Ms Caroline Egejuru, Chair, Programs and Training, International Forum for Women in Energy, Oil and Gas, said Nigeria’s dethronement as Africa’s largest crude oil producer by Angola and even Libya is a cause for concern.
In an interview with the New Telegraph over the weekend, she said it was hurting the economy that Nigeria’s oil production fell to as much as 972,000 barrels a day in August 2022, according to data released by the Nigeria Upstream Petroleum Regulatory Commission (NUPRC). and confirmed by the Organization of the Petroleum Exporting Countries (OPEC) in their September 2022 report. OPEC’s report confirmed that NUPRC figures showed Nigeria’s oil production fell to 972,394 bpd in August from 1,083,899 bpd in July, causing Angola and Libya to overtake Nigeria in production.
According to the report, Angola was Africa’s top crude oil producer with an average production of 1.187 mb/d in the month under review, while Libya’s crude oil production also averaged 1.123 mb/d in August.
OPEC said: “According to secondary sources, total OPEC-13 crude oil production averaged 29.65 mb/d in August, up 618k mom. “Crude oil production increased primarily in Libya and Saudi Arabia.
bia, while production in Nigeria fell.” Nigeria has consistently had low oil production compared to its OPEC quota. NUPRC said in its July 2022 Crude Oil and Condensate Production data that Nigeria’s crude oil production also fell in July to average 1.08 million barrels per day (bpd) from 1.16 million in the previous month.
It also said Nigeria’s oil production, with the addition of condensate, fell 6.42 percent in July to 1.31 million barrels a day from 1.40 million in June. Condensate is a mixture of light liquid hydrocarbons, similar to a light (high API) crude oil, that is usually separated from a natural gas stream at the point of production (field separation) when the temperature and pressure of the gas are lowered to atmospheric conditions.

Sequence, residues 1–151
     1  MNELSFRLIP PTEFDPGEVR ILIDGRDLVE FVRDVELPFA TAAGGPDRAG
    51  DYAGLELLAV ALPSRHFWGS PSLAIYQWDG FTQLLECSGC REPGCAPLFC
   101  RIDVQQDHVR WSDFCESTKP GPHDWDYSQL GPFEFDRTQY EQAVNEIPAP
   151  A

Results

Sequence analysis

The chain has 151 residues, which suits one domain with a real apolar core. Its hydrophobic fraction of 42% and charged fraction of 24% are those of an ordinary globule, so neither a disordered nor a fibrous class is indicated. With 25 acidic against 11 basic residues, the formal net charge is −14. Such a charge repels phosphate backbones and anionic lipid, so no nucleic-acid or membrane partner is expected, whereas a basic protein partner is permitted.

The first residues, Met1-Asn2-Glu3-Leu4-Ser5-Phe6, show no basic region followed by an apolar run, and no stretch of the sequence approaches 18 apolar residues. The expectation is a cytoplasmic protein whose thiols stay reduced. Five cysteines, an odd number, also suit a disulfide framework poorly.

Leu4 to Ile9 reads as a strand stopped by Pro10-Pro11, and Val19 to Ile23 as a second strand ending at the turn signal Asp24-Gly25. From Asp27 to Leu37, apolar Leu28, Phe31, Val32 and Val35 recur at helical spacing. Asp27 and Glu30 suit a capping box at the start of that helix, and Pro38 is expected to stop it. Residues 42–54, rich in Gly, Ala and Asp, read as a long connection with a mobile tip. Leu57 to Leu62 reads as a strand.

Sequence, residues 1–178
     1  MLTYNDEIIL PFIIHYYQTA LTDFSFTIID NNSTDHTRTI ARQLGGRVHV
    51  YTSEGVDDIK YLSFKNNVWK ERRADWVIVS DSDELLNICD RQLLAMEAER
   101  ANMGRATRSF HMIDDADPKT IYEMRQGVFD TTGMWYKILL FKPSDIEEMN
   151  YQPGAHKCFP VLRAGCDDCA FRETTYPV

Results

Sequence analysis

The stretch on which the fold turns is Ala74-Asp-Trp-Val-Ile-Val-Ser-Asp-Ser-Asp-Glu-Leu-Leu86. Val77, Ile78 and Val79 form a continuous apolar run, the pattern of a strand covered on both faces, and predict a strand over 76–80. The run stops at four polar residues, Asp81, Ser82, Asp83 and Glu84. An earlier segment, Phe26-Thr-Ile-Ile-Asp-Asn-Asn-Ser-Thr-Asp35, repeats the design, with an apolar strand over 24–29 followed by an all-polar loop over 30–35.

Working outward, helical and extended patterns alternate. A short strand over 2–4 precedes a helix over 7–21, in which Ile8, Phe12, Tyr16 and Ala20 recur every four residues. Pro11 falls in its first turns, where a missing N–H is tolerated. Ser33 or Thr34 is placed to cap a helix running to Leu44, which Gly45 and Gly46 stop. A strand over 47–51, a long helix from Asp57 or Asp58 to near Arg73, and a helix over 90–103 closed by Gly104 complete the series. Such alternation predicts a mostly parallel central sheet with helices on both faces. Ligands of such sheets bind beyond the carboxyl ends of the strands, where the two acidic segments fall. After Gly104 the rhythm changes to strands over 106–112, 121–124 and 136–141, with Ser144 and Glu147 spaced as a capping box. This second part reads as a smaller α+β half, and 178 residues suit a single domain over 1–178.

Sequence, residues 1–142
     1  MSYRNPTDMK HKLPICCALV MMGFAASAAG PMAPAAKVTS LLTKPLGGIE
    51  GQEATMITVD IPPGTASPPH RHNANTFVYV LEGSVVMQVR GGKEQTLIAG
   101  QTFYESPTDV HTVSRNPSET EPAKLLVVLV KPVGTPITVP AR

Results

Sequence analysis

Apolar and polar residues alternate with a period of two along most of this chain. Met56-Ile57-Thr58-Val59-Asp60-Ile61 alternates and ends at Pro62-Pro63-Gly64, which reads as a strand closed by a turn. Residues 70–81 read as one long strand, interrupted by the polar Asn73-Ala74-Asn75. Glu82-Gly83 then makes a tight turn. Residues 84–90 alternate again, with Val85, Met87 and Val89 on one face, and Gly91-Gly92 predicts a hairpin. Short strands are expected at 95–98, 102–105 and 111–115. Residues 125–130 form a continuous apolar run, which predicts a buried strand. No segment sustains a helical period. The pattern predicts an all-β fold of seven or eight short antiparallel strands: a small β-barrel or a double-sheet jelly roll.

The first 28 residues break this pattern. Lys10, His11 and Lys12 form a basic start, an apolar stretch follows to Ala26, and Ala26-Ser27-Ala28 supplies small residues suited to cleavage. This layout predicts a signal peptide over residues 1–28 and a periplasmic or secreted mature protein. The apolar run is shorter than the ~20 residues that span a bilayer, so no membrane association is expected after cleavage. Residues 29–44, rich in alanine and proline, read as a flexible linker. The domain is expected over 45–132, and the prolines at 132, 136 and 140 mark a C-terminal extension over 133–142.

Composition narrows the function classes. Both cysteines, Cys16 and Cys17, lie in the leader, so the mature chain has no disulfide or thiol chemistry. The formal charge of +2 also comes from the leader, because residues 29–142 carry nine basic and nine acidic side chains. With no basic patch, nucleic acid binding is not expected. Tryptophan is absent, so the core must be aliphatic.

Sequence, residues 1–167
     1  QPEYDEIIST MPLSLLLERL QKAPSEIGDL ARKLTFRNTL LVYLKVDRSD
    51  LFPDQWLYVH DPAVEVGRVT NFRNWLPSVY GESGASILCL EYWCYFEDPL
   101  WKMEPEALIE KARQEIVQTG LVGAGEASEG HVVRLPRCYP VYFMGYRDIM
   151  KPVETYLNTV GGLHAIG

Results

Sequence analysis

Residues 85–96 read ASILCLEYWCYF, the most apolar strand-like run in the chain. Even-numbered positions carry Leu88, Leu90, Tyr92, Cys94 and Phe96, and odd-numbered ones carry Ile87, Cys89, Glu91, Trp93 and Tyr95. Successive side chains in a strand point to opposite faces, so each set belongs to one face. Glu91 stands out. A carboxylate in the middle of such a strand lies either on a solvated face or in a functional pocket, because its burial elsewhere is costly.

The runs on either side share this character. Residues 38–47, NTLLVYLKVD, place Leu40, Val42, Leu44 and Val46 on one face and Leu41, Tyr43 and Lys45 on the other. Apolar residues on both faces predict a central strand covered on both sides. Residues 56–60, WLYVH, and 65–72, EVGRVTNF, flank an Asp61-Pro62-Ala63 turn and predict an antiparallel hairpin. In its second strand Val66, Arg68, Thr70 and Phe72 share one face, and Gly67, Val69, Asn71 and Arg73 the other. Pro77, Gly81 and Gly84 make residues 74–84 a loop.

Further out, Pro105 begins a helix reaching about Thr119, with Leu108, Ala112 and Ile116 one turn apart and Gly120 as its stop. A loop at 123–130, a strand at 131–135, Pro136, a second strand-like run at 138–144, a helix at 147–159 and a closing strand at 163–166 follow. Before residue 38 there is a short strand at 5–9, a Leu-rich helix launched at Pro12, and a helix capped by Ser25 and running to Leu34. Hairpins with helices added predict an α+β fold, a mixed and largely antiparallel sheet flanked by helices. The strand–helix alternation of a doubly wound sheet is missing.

OPEC announced in its July 2022 Oil Market Report that Nigeria’s June crude oil production was 1.238 million bpd (bpd), down from the country’s OPEC allotment of 1.766 million bpd; Nigeria’s crude oil production quota was 1.753 million bpd in May; June, 1.772 million bpd; July, 1.799 million bpd and August, 1.826 million bpd. Production of 1.024 million barrels per day (through primary communications) in May was about 195,000 barrels down in production compared to April’s total of 1.219 million barrels per day, according to OPEC.
Egejuru, in response, called on the Nigerian National Petroleum Company Limited (NNPCL) to step up its determination to use oil theft control technology. She also called on the federal government and security agencies to close any loopholes fueling oil theft.
She said: “It is a true report and it is data from a verifiable source, which of course is not in the best interests of the country. So I hope that this report will help the government to do what is needed. The report is definitely negative for Nigeria’s oil and gas growth.
“It will have a negative impact. It shows us where we stand and that we’re going down the foam, which shouldn’t be. So it’s a welcome call on what should be done to bring Nigeria back to where it used to be.
“Low production has adversely affected the customs of national economic growth with soaring oil prices and the urgent need for Nigeria to shore up its revenues as the country runs a budget deficit and its debt mounts.
“You can see that inflation today is almost 25 percent. The government should look into this oil theft problem.”
She added: “All international oil companies (IOCs) are leaving the country for other African nations such as Uganda and Angola, to the detriment of Nigeria. Therefore, all failures should be checked by the authority and government.
“The IOCs are leaving the country because they realize only 10 percent of their production, while others resort to oil theft. It affects their productivity and profit margin.
“The government should prop up the nation’s productive capacity by addressing the inherent challenges they face. You should do what is necessary. You should check for oil theft. This is the main thrust of the revenue stream. You should look inward. Aren’t we going to start refining our products now?
“Why do we have to keep importing? There is pressure on naira for foreign exchange. The federal government still subsidizes premium motor spirit and we spend so much on subsidies. These are the problems and they have dates.
“The use of technology will obviously help to control oil theft. Remember that former Minister of State for Petroleum Ibe Kachukwu included the use of technology as part of his submissions. We are in the age of technology and artificial intelligence, we should use what is widely available to do what is necessary.
“Also, security agencies need to up their game and improve their performance and control oil theft. They are the ones running the pipelines and other facilities. They have their responsibilities, so they should improve their strategies.”